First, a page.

(December 27, 2023).  Christmas 2023 is now in the history books, and radio station playlists and sales/streaming charts will soon return to normal with the same non-holiday songs consumers were binging on before Mariah Carey gave us permission to begin the Christmas spirit anew.

And while the same perennial Christmas classics dominated our hearts and the Billboard charts for the umpteenth year in a row — or since song streaming and Billboard’s current chart rules made that annual dominance a possibility — some of those tunes actually were able to break through previous ceilings and reach new heights this year (while others failed to match their previous peaks). 

The most obvious, of course, was Brenda Lee’s No. 1 smash “Rockin’ Around The Christmas Tree,” which broke Mariah’s hold on the Billboard Hot 100 chart crown by beating “All I Want For Christmas” to the top for two weeks earlier in December.  (“All I Want” reclaimed the throne the past two weeks and is aiming for a third and final week before the charts completely rid themselves of holiday fare in January).

Brenda Lee’s 1958 classic “Rockin’ Around The Christmas Tree” reached No. 1 in 2023.

Lee, who recorded her beloved classic in 1958 when she was 13 and who celebrated her 79th birthday this month while it was perched at the top, capitalized on increased marketing for “Rockin’ Around,” including a new music video tie-in to the song’s 65th anniversary.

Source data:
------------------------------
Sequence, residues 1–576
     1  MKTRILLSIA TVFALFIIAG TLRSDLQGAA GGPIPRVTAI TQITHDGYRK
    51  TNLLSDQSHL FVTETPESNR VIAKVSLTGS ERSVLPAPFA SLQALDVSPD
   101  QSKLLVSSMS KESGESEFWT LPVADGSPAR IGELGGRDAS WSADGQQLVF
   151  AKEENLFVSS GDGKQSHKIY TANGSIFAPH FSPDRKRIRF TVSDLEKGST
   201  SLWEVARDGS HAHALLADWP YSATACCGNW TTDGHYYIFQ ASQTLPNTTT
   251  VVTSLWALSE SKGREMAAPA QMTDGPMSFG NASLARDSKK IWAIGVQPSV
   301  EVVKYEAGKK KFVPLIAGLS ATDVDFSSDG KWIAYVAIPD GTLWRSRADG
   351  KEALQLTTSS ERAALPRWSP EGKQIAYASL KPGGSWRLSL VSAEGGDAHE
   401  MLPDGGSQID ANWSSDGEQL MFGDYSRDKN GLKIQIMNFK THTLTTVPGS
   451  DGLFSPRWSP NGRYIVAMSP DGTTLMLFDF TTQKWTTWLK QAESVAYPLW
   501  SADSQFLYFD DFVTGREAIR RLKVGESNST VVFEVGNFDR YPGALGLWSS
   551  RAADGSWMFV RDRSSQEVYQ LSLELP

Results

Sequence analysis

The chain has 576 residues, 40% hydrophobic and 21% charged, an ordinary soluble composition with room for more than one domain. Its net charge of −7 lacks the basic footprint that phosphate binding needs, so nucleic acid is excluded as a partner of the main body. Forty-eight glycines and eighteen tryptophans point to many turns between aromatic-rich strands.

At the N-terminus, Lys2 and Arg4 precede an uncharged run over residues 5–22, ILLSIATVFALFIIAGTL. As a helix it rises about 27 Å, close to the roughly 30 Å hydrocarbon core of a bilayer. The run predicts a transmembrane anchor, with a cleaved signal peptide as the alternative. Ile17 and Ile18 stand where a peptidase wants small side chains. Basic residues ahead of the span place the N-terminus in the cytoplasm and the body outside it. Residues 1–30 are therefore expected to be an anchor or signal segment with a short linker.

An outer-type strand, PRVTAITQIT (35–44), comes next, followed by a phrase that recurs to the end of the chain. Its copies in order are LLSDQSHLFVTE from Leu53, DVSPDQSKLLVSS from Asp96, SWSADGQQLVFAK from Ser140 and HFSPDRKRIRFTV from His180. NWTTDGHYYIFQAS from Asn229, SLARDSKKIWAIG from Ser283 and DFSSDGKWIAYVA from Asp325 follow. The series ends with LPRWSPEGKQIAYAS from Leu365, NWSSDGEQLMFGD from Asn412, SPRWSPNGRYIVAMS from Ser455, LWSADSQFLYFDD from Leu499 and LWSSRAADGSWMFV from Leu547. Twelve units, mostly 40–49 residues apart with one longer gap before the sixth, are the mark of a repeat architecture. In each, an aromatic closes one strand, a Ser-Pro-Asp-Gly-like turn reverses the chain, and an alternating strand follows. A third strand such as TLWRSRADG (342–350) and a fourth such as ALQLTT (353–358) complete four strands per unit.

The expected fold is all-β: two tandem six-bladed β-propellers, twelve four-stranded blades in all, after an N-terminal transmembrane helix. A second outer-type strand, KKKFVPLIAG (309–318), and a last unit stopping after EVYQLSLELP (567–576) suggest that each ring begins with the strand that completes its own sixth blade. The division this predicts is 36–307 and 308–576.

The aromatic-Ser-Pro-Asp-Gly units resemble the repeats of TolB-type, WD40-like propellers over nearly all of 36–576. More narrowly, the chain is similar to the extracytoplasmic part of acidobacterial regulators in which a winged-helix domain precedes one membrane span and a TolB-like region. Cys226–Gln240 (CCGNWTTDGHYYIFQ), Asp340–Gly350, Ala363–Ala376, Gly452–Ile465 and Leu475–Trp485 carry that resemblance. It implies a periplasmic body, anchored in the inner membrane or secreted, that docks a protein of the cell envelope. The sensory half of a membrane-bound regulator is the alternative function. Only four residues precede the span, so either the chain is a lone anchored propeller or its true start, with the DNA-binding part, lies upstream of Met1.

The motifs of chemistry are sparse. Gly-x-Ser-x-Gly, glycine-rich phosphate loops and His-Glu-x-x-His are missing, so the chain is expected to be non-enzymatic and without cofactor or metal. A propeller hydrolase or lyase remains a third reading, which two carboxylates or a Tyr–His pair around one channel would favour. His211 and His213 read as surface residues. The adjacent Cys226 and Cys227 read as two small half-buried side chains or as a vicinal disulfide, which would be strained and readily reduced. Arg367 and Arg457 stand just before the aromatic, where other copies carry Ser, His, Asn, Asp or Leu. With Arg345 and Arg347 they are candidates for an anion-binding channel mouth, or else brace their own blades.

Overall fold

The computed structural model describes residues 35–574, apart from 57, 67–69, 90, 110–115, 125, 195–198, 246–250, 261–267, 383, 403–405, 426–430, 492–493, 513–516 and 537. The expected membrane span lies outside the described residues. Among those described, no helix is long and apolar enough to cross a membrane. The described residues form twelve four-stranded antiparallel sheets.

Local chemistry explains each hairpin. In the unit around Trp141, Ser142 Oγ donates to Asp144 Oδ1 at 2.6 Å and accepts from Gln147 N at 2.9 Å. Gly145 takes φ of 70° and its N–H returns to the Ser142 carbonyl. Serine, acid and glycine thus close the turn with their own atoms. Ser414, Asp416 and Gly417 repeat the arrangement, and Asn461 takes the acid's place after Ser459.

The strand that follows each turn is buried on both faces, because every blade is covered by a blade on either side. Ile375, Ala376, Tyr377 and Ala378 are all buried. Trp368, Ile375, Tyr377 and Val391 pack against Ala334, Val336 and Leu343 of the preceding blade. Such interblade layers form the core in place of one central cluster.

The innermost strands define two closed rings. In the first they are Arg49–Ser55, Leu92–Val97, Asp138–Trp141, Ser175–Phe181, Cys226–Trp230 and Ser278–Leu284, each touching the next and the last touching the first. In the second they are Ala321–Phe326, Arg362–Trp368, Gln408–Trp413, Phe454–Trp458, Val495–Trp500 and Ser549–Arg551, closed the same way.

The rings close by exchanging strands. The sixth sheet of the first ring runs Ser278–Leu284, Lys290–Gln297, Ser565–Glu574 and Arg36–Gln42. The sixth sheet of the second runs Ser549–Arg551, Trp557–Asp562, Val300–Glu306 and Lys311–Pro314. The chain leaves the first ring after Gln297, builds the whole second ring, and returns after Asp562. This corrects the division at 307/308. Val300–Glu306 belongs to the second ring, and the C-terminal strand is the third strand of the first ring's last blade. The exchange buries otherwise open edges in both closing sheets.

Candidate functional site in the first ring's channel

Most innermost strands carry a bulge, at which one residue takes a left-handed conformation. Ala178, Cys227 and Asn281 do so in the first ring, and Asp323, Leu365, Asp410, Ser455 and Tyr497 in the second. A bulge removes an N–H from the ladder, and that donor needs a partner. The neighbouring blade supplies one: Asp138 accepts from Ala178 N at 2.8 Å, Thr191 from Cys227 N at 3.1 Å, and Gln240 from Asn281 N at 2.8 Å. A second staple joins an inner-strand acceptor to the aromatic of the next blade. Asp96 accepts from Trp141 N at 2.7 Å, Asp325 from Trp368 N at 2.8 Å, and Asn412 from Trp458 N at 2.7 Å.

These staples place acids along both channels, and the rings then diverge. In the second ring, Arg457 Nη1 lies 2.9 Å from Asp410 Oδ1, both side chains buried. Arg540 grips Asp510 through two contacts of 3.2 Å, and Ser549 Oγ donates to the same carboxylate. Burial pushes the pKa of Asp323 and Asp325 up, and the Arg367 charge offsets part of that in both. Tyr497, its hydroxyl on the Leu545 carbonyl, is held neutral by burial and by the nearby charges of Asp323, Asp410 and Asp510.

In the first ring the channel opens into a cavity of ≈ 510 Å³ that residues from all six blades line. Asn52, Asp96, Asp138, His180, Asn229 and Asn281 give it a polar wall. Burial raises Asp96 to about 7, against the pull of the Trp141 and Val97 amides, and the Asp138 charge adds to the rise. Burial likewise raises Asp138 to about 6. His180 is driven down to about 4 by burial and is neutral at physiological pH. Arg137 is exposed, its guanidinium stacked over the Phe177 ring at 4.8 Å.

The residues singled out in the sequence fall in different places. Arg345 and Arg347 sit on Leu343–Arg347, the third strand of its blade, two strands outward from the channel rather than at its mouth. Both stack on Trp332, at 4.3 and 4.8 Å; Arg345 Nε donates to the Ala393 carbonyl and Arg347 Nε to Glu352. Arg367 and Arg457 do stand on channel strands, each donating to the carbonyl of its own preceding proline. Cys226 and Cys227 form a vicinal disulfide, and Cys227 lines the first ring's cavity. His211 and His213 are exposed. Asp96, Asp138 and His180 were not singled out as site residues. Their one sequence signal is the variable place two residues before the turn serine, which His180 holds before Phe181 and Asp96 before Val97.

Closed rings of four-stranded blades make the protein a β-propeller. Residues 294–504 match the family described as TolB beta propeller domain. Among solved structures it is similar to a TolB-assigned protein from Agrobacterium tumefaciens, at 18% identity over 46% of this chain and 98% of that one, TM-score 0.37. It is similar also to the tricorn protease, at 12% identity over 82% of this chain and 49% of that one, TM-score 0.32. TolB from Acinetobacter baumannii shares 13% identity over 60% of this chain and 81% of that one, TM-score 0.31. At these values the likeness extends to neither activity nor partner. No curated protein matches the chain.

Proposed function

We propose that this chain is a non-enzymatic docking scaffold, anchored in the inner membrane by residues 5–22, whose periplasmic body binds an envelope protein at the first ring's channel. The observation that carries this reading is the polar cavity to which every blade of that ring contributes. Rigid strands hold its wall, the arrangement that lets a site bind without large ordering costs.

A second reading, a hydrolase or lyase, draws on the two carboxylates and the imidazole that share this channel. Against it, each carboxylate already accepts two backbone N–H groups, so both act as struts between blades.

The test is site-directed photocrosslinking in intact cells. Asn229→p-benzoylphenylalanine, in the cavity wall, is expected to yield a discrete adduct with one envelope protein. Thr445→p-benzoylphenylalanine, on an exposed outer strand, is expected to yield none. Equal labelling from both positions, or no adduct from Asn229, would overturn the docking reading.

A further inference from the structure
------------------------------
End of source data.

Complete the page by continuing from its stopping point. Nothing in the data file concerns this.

But Lee’s early rock-and-roll gem wasn’t the only famous Christmas tune to reach an all-time high on this season’s Billboard rankings.  Several others climbed higher on this year’s charts than they had in previous years.

And while the reasons aren’t as clear as they were for Brenda Lee’s classic, which had a much higher profile in 2023, the fact that they climbed to new heights is noteworthy.

Here are some other annual favorites — including tunes that are decades old — that raised their own bars during Christmas 2023:

“Sleigh Ride” – The Ronettes (New High: No. 8; previous holiday peak No. 10).

The Ronettes, produced by the late Phil Spector and led by his late ex-wife Ronnie Spector, rode the annual wave of nostalgia to a new high this year as their beloved “Wall of Sound” classic slid up to No. 8, besting its 2022 high by two spots.  

“Underneath the Tree” – Kelly Clarkson (No. 11; previous peak No. 12).

Talk show host and former American Idol Kelly Clarkson took another step closer to the top 10 with the 2013 song that has its own “Wall of Sound” arrangement and is slowly becoming a modern day standard.  If it continues this momentum next Christmas, it’ll become the first top-10 Yuletide tune recorded in the 2010s or later that this blogger is aware of.